The filmed scenes of the river dories splashing down the rapids of the Grand Canyon are absolutely spectacular, probably the best look you will ever get of a white-water run short of climbing aboard one of these frail wooden craft for your own Colorado River trip.
The all-too-brief sequence is a reenactment of John Wesley Powell's famed 1869 exploration of the canyon, and it's the highlight of a new 33-minute film, "Grand Canyon: The Hidden Secrets," making its Washington debut tonight on the giant screen of the National Air and Space Museum. The film is one of two short movies in the museum's special Imax Film Festival through Jan. 28.
The three-man dories, just a bit larger than standard rowboats, all but disappear beneath the rolling water of the Colorado and then suddenly leap free of its clutches, flying over the crests of the waves. For a moment, the movie puts the viewer into one of the boats for a taste of the thrill and the danger.
Unfortunately the rest of "Grand Canyon" fails to match this excitement. The movie purports to tell "the human history" of the canyon, dating back 2,000 years. Surely there are other tales as dramatic as Powell's, but instead we are shown foolish and tedious tableaux of ancient Indians around the campfire and armor-clad Spanish explorers gaping awestruck from their horses into the chasm.
Worst of all is the narration, overblown and uninformative. "What unknown forces caused the Colorado River to carve this great chasm?" the script asks typically. A geologist ought to have a good theory. In contrast are Powell's simple, beautiful words, quoted briefly from his Grand Canyon journal. "Always we wonder," he writes, "what we shall find tomorrow."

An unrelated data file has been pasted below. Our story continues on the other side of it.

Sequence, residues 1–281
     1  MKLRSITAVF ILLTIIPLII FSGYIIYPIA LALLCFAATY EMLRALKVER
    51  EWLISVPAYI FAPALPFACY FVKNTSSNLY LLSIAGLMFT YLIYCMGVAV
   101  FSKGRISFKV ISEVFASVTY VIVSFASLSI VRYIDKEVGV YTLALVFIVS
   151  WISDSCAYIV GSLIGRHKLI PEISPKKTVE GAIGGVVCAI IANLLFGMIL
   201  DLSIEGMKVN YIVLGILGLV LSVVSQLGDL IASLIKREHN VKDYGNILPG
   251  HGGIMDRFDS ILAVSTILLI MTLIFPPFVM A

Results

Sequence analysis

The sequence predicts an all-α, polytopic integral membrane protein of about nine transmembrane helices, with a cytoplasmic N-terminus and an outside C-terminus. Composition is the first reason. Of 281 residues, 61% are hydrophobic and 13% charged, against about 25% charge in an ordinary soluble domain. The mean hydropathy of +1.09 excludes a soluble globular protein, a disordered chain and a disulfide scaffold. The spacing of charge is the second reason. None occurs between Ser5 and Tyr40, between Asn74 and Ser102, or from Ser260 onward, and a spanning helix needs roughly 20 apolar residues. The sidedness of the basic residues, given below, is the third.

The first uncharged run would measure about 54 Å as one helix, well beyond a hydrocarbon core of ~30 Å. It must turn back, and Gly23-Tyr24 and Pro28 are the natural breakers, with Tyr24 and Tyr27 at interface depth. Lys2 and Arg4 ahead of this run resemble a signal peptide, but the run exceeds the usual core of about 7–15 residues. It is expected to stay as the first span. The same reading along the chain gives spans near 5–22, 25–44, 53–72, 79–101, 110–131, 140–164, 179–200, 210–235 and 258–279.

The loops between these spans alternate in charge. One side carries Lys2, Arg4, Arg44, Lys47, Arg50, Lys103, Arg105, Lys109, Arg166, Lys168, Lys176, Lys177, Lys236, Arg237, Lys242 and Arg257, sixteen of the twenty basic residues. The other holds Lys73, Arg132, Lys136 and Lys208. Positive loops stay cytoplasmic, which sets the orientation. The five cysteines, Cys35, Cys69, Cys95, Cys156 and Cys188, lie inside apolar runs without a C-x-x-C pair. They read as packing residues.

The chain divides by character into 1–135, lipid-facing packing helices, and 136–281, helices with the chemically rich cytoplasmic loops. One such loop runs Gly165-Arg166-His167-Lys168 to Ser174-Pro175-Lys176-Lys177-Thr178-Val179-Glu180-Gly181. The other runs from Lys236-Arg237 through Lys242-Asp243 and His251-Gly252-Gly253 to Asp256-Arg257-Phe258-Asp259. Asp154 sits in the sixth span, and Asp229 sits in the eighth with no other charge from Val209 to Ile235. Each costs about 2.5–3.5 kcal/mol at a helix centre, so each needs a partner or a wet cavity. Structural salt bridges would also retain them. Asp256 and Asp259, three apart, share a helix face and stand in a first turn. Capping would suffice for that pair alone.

Ignore the story line, and see this movie for its white-water adventure and for the stunning views behind those costumed characters from history running all over the red rocks. Deep inside the canyon's walls, there is an enchanting paradise of sparkling pools and lovely waterfalls. You get only a glimpse, but it is unforgettable.
The second movie of this double feature is the 18-minute "Silent Sky," featuring three sailplanes in silent, graceful flight over the Northern California coastline. Produced in 1977, it has been shown previously at the museum. It is a beautiful film, without narration, so your thoughts fly as free as the planes.
The films will be shown daily at 5:30, 6:30 and 7:30 p.m. through Jan. 6, and only at 5:30 from Jan. 7 through Jan. 28. Adults, $3.50; children, $2.50.